But Kurita had lost control of his formation (and was probably worrying about when 3d fleet would turn up) and broke off the action at 0911.

While Taffy 3 was doing all this, Taffy 1 was subjected to the first organized use of that new weapon: the Kamikaze, Taffy three would be so attacked in the afternoon.

And so we have St Crispin’s Day, a day of mostly victorious battle for the English-speaking peoples. The English win one with a “Band of Brothers”; the British lose one heroically and gloriously, and the Americans win one part easily, live through a terrible nightmare, while the American varsity is off hunting empty carriers.

American Integrity

A reminder of just how young the United States is. According to the Daily Wire, Lyon Gardiner Tyler Jr., died Sept. 26 in Franklin, Tennessee. Who? I hear you ask. Well, he was an attorney and a teacher, teaching at both The Virginia Military Institute and at The Citadel. All in all a very admirable man as the linked article shows.

But what is really striking is that 175 years before his death, his Grandfather left the presidency of the United States. He was John Tyler, the first President to succeed after the death of the President, in his case William Henry Harrison, the victor of the Battle of Tippecanoe, which pretty much ended Tecumseh’s Confederacy, and propelled him to become the first Governor of the Indiana Territory, and then the first Whig president of the United States. The campaign slogan that you may remember from school was “Tippecanoe and Tyler too”.

John Tyler was the president who annexed the Republic of Texas, at its request, in 1845.

“Perhaps John Tyler wasn’t the greatest of presidents,” Tyler reflected. “He was a great man, a loving husband and father and was a servant of the people. You can’t beat that. Who knew the unknown president would be an example to us all (through his integrity)?”

I think we can safely say the same about his grandson.


Over at Ace’s where they speak plain English, occasionally the Anglo-Saxon version, CBD has some thoughts about how TDS got so prevalent.

President Trump is their worst nightmare of an Alpha Male; he gets the hot chicks, he has lots of money, he is physically imposing, and worst of all, he doesn’t run away from a fight the way they were taught by their mothers. That’s why they snipe at him behind the anonymity of Twitter, and the protection of the crowd during press conferences.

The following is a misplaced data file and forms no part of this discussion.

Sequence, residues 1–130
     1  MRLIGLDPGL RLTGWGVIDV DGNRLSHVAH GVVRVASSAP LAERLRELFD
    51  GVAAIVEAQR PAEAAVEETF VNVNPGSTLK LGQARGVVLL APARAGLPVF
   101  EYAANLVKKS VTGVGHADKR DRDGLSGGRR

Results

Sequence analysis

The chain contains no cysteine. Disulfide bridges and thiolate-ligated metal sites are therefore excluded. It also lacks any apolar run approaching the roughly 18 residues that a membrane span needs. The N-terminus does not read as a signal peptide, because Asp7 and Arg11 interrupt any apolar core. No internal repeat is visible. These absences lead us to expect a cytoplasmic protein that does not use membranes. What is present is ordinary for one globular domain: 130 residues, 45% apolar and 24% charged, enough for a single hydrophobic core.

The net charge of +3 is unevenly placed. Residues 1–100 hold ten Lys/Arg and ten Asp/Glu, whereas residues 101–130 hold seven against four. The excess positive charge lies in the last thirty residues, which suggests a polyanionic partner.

But deep down in their frightened and intimidated hearts, they know that Donald Trump and his immense shock of hair would punch the bully and bang the prom queen…and they wouldn’t and couldn’t. […]

And even worse! he loves America, and America loves him back.

As CBD says the idea comes from Dennis Prager.

He and many other Americans (we will soon know how many) who support the president’s Republican policies will vote for the party that stands for almost everything they oppose because they will “vote for the man, not the party.”

I find nothing admirable in this position — morally or rationally. At this time in American history, to care more about an individual candidate than the party is to support the unraveling of America. It is so irrational as to be incredible.

Voting for any Democrat — whether for mayor, district attorney, state legislature, state governor, the U.S. House of Representatives, the U.S. Senate or president — is to vote for someone who will enable the left to destroy America as we know it. (That is their wording, not only mine.) The Democratic Party was once largely liberal. But today, it is left, and the left readily acknowledges it wishes to “transform” America, which means to destroy America as we have known it.